John Tyler, the tenth president of the United States, was born on March 29, 1790 in Virginia to John Tyler Sr and Mary Marot (Armistead) Tyler. He had two brothers and five sisters, but his mother died of a stroke in 1797 when John was seven years old. I can’t imagine how hard it was on young John to lose his mother. That wasn’t the only hard part of his youth. John was frail and sickly most his young life. Considering the start he had in life, it would not seem likely that John Tyler’s life would have amounted to much…but those who think that would be wrong.
John Tyler came from a political family, and he was destined for the presidency. Tyler was admitted to the Virginia bar at the age of 19. He was actually too young to be eligible, but the admitting judge neglected to ask his age. By this time, his father was Governor of Virginia (1808–1811), and John Tyler Jr started a legal practice in Richmond, the state capital. In 1811, at just 21 years of age, Tyler was elected to represent Charles City County in the Virginia House of Delegates, an office he held for five successive one-year terms. As a state legislator, Tyler sat on the Courts and Justice Committee. Following the War of 1812, Tyler’s father died in 1813, and Tyler inherited thirteen slaves along with his father’s plantation. In 1816, he resigned his legislative seat to serve on the Governor’s Council of State, a group of eight advisers elected by the General Assembly. He then ran for the US House of Representatives, narrowly winning the election. Later he served in the US Senate, before being elected as Vice-President of the United States under William Henry Harrison. Harrison served from March 4, 1841 to his death on April 4, 1841, after which John Tyler took over serving until March 4, 1845.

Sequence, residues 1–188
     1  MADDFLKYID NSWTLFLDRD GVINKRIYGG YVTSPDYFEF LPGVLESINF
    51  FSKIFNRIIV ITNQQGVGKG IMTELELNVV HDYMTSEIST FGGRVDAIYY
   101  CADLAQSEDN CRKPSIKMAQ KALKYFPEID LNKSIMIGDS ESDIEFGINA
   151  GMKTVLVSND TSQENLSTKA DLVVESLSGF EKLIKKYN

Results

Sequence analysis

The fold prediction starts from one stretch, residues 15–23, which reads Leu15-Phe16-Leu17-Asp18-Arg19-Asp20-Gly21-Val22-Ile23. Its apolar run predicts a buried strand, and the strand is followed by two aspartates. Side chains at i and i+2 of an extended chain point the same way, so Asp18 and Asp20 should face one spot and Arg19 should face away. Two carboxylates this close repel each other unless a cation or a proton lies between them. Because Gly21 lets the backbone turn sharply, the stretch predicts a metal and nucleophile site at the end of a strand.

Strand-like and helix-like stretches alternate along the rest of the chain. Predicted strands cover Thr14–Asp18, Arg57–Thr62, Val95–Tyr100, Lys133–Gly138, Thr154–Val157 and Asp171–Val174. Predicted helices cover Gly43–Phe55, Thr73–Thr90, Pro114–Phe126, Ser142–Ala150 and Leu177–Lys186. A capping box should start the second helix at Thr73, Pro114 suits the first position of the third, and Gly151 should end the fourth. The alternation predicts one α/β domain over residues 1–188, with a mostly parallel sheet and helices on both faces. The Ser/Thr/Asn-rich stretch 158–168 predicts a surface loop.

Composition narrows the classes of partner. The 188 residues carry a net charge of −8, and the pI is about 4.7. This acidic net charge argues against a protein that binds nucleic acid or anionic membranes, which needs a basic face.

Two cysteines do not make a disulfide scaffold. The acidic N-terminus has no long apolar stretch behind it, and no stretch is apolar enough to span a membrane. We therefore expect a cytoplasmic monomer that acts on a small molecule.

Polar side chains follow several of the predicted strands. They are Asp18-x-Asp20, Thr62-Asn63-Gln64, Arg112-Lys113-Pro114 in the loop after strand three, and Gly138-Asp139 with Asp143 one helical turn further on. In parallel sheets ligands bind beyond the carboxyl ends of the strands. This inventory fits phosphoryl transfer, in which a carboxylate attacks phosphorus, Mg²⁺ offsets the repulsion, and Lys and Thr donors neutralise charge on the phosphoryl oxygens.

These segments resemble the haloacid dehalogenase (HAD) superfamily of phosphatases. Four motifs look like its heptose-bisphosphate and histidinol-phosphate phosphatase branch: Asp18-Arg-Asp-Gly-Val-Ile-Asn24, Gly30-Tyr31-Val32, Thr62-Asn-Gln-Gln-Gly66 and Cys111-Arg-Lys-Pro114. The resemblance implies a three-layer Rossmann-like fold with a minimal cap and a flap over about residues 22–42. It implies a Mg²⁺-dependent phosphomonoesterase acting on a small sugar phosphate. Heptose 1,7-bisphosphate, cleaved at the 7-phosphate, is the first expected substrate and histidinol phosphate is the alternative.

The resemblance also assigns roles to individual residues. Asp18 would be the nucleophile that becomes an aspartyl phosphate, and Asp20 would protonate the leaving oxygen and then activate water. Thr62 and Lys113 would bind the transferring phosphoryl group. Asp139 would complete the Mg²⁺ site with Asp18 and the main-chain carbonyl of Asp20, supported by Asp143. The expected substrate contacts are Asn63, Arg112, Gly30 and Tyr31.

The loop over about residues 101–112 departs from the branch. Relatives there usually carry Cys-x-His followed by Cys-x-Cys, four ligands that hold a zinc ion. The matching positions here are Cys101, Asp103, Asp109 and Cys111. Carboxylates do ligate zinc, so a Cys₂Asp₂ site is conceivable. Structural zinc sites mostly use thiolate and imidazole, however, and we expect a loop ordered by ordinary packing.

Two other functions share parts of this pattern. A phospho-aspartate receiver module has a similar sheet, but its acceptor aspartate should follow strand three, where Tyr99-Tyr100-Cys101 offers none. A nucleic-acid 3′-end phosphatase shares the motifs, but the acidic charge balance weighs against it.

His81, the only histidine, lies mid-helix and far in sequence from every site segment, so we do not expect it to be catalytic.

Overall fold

You might think that Tyler’s political career was the defining point in his life, but he is actually known for something much more surprising. Tyler fathered more children than any other American president, but it isn’t even that fact that is so surprising. His first wife was Letitia Christian and together they had eight children, Mary (1815–1847), Robert (1816–1877), John (1819–1896), Letitia (1821–1907), Elizabeth (1823–1850), Anne (1825–1825), Alice (1827–1854) and Tazewell (1830–1874).. She died of a stroke while they lived in the White House in September 1842. He married again on June 26, 1844, to Julia Gardiner (July 23, 1820 – July 10, 1889), with whom he had seven children, David (1846–1927), John Alexander (1848–1883), Julia (1849–1871), Lachlan (1851–1902), Lyon (1853–1935), Robert Fitzwalter (1856–1927) and Pearl (1860–1947). Tyler’s son, Lyon was born when Tyler was 63 years, and while he was not his youngest child, it would be Lyon who would bring about the thing that really makes Tyler something special. Lyon would go on to father two sons of his own…one when he was 71 and one when he was 75. One of those sons, Harrison Ruffin Tyler is still alive, meaning that John Tyler, tenth president of the United States, who was born in 1790, has a grandson who is still alive in 2021. His older brother, Lyon Gardiner Tyler Jr passed away in September of 2020. The fact that their great grandfather was the tenth president, is unbelievable to the children of Lyon’s sons.